More recently, Root Capital provided Chirinos with a multi-year loan to finance the rejuvenation of its members’ agroforestry coffee farms. By pruning or grafting old or diseased coffee trees, farmers can significantly increase their productivity and improve their bottom line. In the process, Chirinos and Root Capital sustain agroforestry production systems that can increase farmer resilience to climate change, while serving as important biodiversity corridors and carbon sinks in a region with significant, ongoing forest loss.

Root Capital believes that “right-sized” finance for climate-smart investments, like fertilizer facilities or farm replanting, will be critical to ensuring that climate-smart, agroforestry systems like coffee remain viable for smallholder farmers.

Photo: Root Capital

World Vision

Eco-Agriculture in the Sahel


Farmer planting a tree

World Vision, with support from the Margaret A Cargill Foundation, is implementing the Eco-Agriculture in the Sahel project to improve community resilience, farmer livelihoods, and environmental stewardship. This is being done through adoption of Farmer Managed Natural Regeneration (FMNR) and complementary soil and water conservation (SWC) and conservation agriculture (CA) practices in targeted areas in Mali.

FMNR restores degraded agricultural lands and pastures, enriching soil, reversing desertification, enhancing groundwater recharge, and contributing to reforestation. Naturally regenerated trees, when properly managed, serve as a “simultaneous fallow” alongside growing crops, helping restore soil organic matter and soil cover through leaf litter. These trees also improve the soil’s ability to absorb moisture, and reduce erosion from wind and water. Dispersed shade provided by trees increases crop production by reducing the ill effects of extreme sunlight and high temperatures.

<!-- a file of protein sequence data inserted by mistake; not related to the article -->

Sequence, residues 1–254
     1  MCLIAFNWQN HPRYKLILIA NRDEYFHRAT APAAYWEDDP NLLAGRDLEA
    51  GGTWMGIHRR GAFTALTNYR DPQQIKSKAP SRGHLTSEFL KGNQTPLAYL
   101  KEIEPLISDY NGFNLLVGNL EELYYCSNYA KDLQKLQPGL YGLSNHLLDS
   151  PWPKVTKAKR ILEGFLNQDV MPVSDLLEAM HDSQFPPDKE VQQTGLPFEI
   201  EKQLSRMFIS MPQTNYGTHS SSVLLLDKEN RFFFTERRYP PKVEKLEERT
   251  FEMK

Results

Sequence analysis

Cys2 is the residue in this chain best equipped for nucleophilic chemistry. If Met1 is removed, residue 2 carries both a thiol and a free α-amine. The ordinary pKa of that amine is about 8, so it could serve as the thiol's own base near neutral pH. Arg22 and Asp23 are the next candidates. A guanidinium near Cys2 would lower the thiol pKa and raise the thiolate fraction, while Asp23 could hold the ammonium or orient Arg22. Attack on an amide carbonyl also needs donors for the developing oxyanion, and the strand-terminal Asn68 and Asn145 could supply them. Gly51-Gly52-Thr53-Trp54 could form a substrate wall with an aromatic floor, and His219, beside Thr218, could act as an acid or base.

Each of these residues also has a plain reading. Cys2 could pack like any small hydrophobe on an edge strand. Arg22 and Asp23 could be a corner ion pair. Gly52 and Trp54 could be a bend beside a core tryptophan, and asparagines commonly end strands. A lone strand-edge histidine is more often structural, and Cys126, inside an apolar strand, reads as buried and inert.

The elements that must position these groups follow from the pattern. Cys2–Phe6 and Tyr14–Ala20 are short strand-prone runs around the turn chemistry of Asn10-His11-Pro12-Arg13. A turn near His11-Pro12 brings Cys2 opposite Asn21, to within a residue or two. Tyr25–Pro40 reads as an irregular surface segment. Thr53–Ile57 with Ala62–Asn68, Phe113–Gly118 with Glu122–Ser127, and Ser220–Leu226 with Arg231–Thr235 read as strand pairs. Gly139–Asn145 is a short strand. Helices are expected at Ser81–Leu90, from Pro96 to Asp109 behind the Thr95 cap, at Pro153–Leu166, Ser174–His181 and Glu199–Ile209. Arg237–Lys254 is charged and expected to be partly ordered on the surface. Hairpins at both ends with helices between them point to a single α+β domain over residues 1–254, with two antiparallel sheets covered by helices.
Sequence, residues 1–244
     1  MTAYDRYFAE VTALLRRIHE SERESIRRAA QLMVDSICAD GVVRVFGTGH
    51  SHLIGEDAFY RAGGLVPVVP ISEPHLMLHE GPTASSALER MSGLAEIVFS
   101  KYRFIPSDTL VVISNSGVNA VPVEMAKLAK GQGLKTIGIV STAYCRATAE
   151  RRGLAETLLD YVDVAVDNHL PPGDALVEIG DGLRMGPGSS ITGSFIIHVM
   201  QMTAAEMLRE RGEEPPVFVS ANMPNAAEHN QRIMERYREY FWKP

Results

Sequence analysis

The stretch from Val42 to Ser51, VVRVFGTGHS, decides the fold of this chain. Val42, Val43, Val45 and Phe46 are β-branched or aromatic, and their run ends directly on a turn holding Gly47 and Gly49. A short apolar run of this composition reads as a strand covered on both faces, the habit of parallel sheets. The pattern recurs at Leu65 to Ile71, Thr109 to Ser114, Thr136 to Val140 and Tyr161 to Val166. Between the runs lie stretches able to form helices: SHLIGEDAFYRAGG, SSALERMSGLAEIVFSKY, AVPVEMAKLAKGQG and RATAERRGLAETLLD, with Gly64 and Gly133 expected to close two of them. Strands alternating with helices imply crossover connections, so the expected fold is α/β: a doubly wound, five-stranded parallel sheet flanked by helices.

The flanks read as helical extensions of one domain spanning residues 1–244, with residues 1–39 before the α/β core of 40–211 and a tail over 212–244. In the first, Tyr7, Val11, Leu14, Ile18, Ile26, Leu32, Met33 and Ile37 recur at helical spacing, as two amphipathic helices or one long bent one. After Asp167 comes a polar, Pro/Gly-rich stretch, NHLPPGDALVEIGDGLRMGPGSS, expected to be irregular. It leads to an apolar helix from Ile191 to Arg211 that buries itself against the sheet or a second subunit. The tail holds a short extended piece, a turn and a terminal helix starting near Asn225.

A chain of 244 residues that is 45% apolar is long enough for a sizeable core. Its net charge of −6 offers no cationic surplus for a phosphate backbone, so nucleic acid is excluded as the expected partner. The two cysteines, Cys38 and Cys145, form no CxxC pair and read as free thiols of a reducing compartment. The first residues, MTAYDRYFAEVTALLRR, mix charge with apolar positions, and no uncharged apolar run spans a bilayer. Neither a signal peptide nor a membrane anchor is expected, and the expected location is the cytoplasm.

Increased availability of sustainably harvested firewood reduces the impact of women using crop residues for cooking fuel, further enhancing soil cover and organic matter and reducing the labor and expense of gathering wood far from home.

“We are satisfied with the impact of the regeneration of the village lands,” comments one female farmer from the village of Endé. “Today, all the wood we use for cooking comes from the village lands.”

FMNR-led agro-ecological farming practices also directly help landscapes adapt to climate change, as the natural environment is better able to cope with more variable precipitation, with both trees and carbon-rich soil acting as carbon “sinks.” SWC practices such as contour bunds and CA also improve water infiltration in soil, and soil fertility, and thereby increase the productivity, sustainability, and resilience of agriculture-based livelihoods. To date, 18,000 households have been targeted.

World Resources Institute

Restoring 20 Million Hectares of Degraded Land

Latin America and the Caribbean

Greenhouse of plants

Initiative 20×20 aims to bring more than 20 million hectares of degraded lands in Latin America and the Caribbean into restoration by the year 2020.

The Initiative was launched in COP 20 in Lima, Peru, in December 2014 where eight countries and five investment groups announced their ambitions to restore degraded lands and to invest in restoration projects in the region. As of today eleven countries, ten investment partners, three Multilateral Banks and sixteen technical partners have joined the Initiative.